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on June 5, 2002
My husband bought this book, and I read it just to see if I could get more info on what HE'S feeling while I'm pregnant... I was not impressed. The author almost shoves the pregnant woman entirely out of the picture, and wastes pages on telling men how baby showers are a total jinx and that the term "coach" is demeaning. He also mentions several medical facts that were completely wrong.
If I were a man, I'd feel very "talked down to" by this book. Heck, I feel "talked down to" and I'm not even SUPPOSED to be reading it!
I think what bothered me most about this book is that the entire pregnancy and birth process was shown as something completely one-sided... It almost felt as if the author was saying that EVERYTHING depends on the father and that the woman's only really there to do a couple hours' worth of labor. I make a POINT of reading only books that focus on the fact that there are two EQUALLY IMPORTANT sides of this process - me AND my husband. This book is not such a book.
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on August 13, 2003
I got this book for my husband, hoping it would help him to understand and participate in our pregnancy. Instead, it has turned out to be a source of comic relief! That anyone can take this book seriously is laughable. I was amazed to find that it had been updated in the last 10 years, with many references to outdated hospital procedures and research. Not to mention that it simply does not appeal to its target market - recommending men "cool off" from frustrating encounters with their pregnant partners by "writing in a journal" and other such atypical male behaviors. Men who are that in touch with their partners and themselves should read more informative selections that are not watered down for naive fathers-to-be! All in all, if you need a laugh, this is the book for you. If you are serious about understanding the pregnancy, go for something else, perhaps "The Birth Partner" by Penny Simkin.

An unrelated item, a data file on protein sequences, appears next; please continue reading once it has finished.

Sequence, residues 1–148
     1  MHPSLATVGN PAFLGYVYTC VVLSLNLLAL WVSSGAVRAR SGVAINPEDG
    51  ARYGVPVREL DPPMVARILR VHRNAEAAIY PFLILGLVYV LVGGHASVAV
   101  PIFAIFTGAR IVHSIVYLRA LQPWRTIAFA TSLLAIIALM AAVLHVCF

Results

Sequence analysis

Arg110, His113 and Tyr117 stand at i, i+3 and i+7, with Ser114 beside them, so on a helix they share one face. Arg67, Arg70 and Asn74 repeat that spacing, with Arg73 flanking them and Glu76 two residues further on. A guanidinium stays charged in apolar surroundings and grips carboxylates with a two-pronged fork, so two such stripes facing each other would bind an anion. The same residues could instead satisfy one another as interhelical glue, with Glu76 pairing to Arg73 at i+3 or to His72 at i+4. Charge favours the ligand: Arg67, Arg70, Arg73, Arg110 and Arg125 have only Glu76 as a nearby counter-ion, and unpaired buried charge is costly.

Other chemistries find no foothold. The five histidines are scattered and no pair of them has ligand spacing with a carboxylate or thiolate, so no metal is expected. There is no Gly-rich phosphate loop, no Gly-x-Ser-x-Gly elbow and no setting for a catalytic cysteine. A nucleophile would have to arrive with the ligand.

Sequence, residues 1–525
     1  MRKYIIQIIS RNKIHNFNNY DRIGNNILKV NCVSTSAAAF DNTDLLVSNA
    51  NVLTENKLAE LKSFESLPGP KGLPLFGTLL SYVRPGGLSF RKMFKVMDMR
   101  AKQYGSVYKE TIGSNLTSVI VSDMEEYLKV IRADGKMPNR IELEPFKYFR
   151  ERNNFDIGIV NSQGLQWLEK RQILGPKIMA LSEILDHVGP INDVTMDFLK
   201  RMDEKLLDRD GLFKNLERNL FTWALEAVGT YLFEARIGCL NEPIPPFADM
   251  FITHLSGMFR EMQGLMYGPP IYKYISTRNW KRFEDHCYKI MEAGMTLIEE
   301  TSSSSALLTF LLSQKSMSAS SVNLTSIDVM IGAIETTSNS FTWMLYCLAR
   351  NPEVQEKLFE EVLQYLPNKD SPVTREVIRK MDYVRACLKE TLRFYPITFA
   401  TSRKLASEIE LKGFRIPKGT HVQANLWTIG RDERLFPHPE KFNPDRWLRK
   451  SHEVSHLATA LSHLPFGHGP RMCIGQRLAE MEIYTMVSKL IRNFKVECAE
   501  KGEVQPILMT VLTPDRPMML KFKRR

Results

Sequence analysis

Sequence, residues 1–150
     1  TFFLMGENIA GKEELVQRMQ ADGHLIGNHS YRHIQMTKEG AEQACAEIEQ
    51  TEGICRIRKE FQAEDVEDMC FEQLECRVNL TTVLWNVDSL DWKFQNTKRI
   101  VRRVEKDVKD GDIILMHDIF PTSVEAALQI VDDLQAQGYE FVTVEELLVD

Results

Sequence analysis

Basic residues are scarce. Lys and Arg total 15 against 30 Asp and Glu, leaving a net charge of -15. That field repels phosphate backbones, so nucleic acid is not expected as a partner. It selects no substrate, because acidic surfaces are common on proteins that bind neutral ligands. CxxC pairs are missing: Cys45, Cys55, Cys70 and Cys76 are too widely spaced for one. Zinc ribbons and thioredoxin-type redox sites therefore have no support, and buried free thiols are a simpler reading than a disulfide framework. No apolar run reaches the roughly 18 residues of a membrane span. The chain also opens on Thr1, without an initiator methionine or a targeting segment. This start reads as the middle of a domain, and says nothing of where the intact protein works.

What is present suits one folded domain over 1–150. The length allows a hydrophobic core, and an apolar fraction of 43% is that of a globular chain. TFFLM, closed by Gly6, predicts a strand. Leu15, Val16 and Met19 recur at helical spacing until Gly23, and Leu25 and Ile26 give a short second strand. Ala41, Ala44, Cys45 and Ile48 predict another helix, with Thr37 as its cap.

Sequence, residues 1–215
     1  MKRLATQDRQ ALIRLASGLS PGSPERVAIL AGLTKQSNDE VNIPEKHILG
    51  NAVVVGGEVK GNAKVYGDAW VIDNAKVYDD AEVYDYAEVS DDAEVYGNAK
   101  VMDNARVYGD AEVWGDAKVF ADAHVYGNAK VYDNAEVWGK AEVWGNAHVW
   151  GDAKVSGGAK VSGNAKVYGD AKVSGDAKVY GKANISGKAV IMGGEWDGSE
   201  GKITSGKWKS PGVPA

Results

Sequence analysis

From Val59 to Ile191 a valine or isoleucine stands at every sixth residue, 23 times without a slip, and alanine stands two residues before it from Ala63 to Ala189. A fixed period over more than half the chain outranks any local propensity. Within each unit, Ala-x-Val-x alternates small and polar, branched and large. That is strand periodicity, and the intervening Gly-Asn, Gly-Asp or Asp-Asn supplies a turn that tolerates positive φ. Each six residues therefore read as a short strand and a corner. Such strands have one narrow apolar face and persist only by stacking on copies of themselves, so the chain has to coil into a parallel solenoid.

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on May 6, 2002
The inane cartoons that rarely have much pertinence to the topic set the tone for this trite book that factually tells you less than one could imagine. This book is written for the barely literate neanderthal who needs to be reminded that your pregnant wife should be treated with consideration or that you might care about the development of your embryonic child: it's full of the most obvious commonsense "ideas" and more filler than I can stomach. That such a worthless book should be published says much about how few books there are for expectant fathers.
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on October 26, 2003
Absolutely terriable. This book seems outdated. From how he describes his pregnancy test it doesn't sound like he's gone through the process since the 1970s. In many cases his comments just seem stupid. I quit reading after he devoted a whole page to saying that he took his placenta home, stored it in the freezer (along with some of his friends placentas...) then buried them and planted a tree over them. Hope he doesn't grab the wrong item when going in for leftovers...
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on November 9, 2002
Somehow this guy has decided that parenthood is all about HIM. He is caught up in jealousy, insecurity, and misinformation. He has decided that his goal should be to be a pain in the [rear] to all around him. I was truly annoyed by him and could not get through this book. I was reminded that if I try to be a good dad I will be a good dad and I don't need some fool to tell me how to do that.
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on June 8, 2001
The Expectant Father by Armin Brott is one of the worst books on fatherhood I read in preparation to become a dad. There is very little in the way of concrete, usable information and the tone of the book is extremely patronizing. I got this book from my wife and after reading it, I wished she hadn't spent the money on it; burning the money would have been a better use for it.